Doctor Who is one of my favorite TV shows, and it turns out that the sci-fi classic offers some insights into the Buddhist teaching of anatta, or not-self. How? By showin how our sense of self is a construct. You’ll have to read the whole article to get the connection with Doctor Who, but here’s an extract:
In 1956, famous existentialist and French resistance fighter Jean-Paul Sartre published his epic work Being and Nothingness.
One of the most influential parts of the book comes from his ideas about how vision helps us develop a sense of self. To grossly simplify his argument, which he makes in a chapter called “The Look,” being seen by somebody else is akin to being recognized by them. So we make a psychological connection between the act of seeing a person with glasses, and the more complicated act of recognizing the person as a man named Jean-Paul who is French, white, nerdy, and likes to write about metaphysics. To sum up, your sense of self and your sense of others is connected intimately with your ability to see them – and their ability to see you.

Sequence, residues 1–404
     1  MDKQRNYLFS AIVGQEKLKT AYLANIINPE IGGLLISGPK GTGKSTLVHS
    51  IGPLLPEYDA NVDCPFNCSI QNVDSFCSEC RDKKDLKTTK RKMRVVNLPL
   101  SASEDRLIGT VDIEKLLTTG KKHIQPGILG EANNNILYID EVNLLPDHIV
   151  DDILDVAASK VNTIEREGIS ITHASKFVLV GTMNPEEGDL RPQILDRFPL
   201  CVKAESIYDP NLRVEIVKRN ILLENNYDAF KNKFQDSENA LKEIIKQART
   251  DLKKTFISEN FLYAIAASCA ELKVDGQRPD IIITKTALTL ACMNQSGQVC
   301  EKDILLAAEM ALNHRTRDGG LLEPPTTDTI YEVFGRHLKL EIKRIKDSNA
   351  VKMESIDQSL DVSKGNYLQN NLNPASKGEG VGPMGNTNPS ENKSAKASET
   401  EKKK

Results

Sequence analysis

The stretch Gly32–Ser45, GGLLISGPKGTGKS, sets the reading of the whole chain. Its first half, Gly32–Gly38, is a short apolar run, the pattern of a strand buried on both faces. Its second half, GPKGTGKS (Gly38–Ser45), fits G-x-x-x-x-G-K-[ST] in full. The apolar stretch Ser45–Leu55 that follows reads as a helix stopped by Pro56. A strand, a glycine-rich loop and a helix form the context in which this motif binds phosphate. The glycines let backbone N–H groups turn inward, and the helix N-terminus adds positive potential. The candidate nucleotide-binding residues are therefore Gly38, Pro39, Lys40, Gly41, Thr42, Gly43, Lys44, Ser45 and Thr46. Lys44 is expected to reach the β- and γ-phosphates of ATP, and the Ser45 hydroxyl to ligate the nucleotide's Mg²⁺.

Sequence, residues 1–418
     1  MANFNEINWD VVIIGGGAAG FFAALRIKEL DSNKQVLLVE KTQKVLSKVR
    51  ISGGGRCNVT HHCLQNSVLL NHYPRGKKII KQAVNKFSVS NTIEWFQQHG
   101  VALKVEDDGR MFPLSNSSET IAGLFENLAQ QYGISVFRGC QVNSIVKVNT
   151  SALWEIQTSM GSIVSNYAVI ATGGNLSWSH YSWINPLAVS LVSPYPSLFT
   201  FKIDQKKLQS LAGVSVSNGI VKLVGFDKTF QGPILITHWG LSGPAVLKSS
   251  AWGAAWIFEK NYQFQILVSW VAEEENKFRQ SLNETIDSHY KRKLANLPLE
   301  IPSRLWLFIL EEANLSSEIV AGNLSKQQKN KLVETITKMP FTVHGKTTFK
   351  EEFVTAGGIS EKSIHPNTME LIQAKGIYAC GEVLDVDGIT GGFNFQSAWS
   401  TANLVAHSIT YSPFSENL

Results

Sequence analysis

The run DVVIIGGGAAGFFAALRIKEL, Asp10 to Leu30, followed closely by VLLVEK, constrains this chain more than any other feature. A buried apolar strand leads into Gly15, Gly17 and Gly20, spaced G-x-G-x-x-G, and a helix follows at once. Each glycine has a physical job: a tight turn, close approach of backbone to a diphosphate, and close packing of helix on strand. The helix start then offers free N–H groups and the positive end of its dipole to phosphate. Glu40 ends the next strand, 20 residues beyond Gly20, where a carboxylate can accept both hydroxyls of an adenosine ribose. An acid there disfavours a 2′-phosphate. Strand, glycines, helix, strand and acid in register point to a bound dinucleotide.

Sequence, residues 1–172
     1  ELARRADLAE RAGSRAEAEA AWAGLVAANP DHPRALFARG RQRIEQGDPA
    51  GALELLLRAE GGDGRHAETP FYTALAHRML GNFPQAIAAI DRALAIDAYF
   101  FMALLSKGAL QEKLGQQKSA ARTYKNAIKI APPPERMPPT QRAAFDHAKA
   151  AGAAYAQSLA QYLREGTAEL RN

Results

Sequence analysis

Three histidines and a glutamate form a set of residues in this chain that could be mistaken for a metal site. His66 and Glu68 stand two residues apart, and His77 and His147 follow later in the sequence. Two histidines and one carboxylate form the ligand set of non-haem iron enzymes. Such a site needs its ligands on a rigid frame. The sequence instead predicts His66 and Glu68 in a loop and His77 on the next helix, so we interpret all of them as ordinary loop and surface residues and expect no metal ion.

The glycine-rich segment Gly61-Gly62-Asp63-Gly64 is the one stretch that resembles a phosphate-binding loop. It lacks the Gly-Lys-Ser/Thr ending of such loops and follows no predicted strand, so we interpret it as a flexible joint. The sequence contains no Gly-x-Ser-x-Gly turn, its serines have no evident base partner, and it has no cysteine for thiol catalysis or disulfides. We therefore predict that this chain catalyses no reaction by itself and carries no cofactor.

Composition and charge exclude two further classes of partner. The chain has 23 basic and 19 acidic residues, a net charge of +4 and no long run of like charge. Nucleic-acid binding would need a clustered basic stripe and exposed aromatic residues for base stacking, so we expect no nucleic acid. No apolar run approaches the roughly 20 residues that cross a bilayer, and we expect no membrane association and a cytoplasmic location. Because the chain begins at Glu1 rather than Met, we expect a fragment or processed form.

Sartre points out that this situation can lead to a lot of terrifying situations. First of all, it means we rely on others for a sense of self, and thus for a sense of stability and mental coherence. Even creepier, it means (for example) I basically wouldn’t have any sense of self at all if it weren’t for some Big Other having coming along at some point when I was a tiny little not-yet-self and saying, “You are Annalee. You are female and white and Jewish and you live in America in a middle-class suburb.” Yes, it sounds weird, but parents and teachers and other adults actually say things that more or less boil down to sentences like that.